AS MALAYSIA'S election enters its final phase, journalists and readers agree that, compared to the 1999 polls, there is a dearth of interesting things to report.
But could anything interesting be said of the reporting?
Overall, there has been no stunning surprise: The mainstream media has devoted much of its space and time to the Barisan Nasional (BN) and its candidates.
'We don't pretend otherwise,' said a senior journalist with a major Malay-language newspaper.
But there does appear to have been a subtle but noticeable change from 1999, when the airwaves and written reports featured talk of violence, hatred and instability in the country.
In a calmer atmosphere, more stories have appeared giving play to opposition candidates, if not necessarily in prime slots.
'By and large, the mainstream media remains very 'pro' ruling coalition', notes social activist and political scientist Chandra Muzaffar.
But he detects the absence of a previous 'sense of aggressiveness'.
'There has been more space given to the opposition, and that is to be encouraged.'
When this is broached with Mr Wong Sai Wan, news editor at the largest English daily, The Star, he credits the opposition for being less hostile.
'Previously, we tried our best but they sometimes made us the issue,' he said over the phone.
'This time, it's different. We have even had stories about people sharing a home but having different views.'
Mr Steven Gan, chief editor of Malaysiakini.com - an Internet newspaper carrying alternative viewpoints - does complain of hard-ball campaign tactics going unreported.
But he too brought up the changed atmosphere and said he was especially surprised by the coverage accorded the Johor bribery allegations.
Two men have been detained for allegedly trying to bribe the Parti Islam SeMalayasia (PAS) candidate for the Pasir Raja state seat, Mr Sanip Ithnin, into withdrawing.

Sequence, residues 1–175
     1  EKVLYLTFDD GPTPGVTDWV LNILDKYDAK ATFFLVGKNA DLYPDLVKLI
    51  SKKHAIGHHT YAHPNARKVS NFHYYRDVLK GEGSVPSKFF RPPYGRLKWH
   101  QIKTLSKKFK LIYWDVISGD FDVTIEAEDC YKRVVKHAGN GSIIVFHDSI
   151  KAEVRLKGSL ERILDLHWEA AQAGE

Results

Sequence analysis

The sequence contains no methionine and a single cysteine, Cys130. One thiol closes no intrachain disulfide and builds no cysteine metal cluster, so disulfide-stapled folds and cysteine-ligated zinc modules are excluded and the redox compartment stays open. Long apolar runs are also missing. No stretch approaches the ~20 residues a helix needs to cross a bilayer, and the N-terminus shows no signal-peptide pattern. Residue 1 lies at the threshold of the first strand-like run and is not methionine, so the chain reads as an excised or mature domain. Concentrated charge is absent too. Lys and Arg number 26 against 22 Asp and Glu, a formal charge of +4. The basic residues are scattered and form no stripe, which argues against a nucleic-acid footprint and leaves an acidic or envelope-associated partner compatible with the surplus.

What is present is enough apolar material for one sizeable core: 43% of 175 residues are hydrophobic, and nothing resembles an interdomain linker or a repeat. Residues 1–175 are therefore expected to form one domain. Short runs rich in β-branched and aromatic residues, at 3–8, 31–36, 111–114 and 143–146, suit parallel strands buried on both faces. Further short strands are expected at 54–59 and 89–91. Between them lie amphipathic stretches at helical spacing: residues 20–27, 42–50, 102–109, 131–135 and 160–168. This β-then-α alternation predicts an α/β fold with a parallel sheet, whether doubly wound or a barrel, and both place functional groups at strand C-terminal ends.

Yesterday, both the New Straits Times and The Star gave front-page treatment to the affair, leading with Prime Minister Abdullah Ahmad Badawi's call for a full investigation.
The more cynical might claim he had no choice, given his 'anti-corruption' platform.
But Dr Chandra noted that, 'if you want to demonstrate sincerity in fighting corruption, whatever affects your side should be given even more prominence than what affects the other side.
'It's a test, and it is remarkable that it got that sort of publicity.'
In the past, he noted, the matter might simply have been kept under wraps.
Then again, it must be acknowledged that the Internet has become an ever more important source of information.
On the mainstream side of things, The Star Online's server has had to cope with such a jump in traffic that things got slowed down, said Mr Wong, who expects even greater traffic in the next few days.
Meanwhile, Malaysiakini.com has seen a doubling of its usual subscription rate.
And Harakah Daily, the Internet edition of the PAS party organ, registered 6.5 million hits yesterday, from five million on Tuesday.
When asked, Harakah editor Zulkifli Sulong acknowledged 'fairer' coverage by the mainstream media.
He added that 'one-sided' coverage in the past had turned off some readers.
But political analyst Ong Kian Ming, writing in The Star, cited the results of a survey that found 85 per cent of respondents did not rely on the Internet for political news and 87 per cent did not believe information obtained from the Internet.
According to the survey, conducted for The Star, 56 per cent believed news obtained from the media.
Parent site: "Focus on Malaysia"